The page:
DES MOINES, Iowa — Federal agriculture officials have released a plan to let farmers plant genetically modified sugar beets while a lawsuit over them is resolved, but farmers fear a partial lifting of a court-ordered ban won't come in time for next year's crop.
A federal judge in California issued an order last summer halting the planting of genetically modified sugar beets until the U.S. Department of Agriculture completes an environmental impact study on how the beets could affect conventional crops. The ruling had a widespread effect since nearly all the nation's sugar beet farmers had converted to genetically modified seed.
Half of the nation's sugar comes from sugar beets, and 95 percent of them are grown using so-called Roundup Ready seed produced by St. Louis-based Monsanto Co. The seeds are engineered to withstand the weed killer Roundup, allowing farmers to reduce the use of other chemicals and limit tilling, which kills weeds but can contribute to erosion.
Frank Jenkins, of the Connecticut-based Jenkins Sugar Group, said if farmers can't plant genetically modified seeds in the spring it would result in a 20 percent reduction in the nation's sugar supply, and the U.S. would have to allow imports of refined and raw sugar to avoid a big jump in prices.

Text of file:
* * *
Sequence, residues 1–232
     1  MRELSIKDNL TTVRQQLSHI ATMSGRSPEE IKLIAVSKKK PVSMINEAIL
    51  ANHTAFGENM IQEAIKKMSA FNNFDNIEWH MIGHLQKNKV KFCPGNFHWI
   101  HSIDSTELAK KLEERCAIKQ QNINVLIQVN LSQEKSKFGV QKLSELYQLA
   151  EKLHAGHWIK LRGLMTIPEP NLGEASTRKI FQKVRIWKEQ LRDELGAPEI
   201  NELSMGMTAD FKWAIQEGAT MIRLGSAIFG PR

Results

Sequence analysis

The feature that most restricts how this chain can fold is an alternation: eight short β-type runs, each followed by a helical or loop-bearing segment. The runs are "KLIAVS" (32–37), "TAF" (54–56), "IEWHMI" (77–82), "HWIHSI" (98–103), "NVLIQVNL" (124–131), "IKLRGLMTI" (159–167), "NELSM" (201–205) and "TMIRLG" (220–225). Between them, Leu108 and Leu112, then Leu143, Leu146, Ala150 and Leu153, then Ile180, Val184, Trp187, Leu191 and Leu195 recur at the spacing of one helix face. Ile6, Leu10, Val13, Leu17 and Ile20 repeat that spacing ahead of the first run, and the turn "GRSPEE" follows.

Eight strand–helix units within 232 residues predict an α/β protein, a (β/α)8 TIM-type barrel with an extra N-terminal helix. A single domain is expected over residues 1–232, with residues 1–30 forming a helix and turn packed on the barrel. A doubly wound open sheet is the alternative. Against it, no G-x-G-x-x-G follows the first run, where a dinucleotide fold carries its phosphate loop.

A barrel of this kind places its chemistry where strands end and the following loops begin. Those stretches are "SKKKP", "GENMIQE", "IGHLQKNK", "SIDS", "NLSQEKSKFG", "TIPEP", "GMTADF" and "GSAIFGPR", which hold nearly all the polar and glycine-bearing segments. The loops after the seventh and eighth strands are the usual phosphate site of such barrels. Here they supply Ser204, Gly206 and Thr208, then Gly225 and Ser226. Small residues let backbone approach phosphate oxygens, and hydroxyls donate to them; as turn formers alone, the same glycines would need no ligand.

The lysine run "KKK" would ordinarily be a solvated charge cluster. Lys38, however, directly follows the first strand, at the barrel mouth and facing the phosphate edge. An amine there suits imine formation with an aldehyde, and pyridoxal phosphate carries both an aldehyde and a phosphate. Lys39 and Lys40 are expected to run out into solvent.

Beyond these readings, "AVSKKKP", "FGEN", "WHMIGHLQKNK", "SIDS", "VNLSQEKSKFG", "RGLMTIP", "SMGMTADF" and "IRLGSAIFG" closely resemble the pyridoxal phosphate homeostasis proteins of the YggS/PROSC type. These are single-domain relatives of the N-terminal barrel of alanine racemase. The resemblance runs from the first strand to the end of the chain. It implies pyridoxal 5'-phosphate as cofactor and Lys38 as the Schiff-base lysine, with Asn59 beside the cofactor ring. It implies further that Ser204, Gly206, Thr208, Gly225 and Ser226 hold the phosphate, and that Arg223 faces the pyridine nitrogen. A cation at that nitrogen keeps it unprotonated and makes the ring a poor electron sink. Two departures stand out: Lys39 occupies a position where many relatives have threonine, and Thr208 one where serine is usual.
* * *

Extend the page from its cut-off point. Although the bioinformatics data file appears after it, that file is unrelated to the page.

"There is not enough (sugar) stockpiled at this time to preclude this from having a very significant impact," Jenkins said.
The price of refined sugar has jumped from 24.5 cents two years ago to 55 cents, and he said consumers would likely feel future increases.
The USDA released a 365-page preliminary report last week, suggesting farmers be allowed to plant Roundup Ready sugar beets under a closely monitored permit process intended to prevent contamination of other crops. Monitoring by the USDA's Animal and Plant Health Inspection Service was one of three options included in the report, and the one preferred by federal officials.
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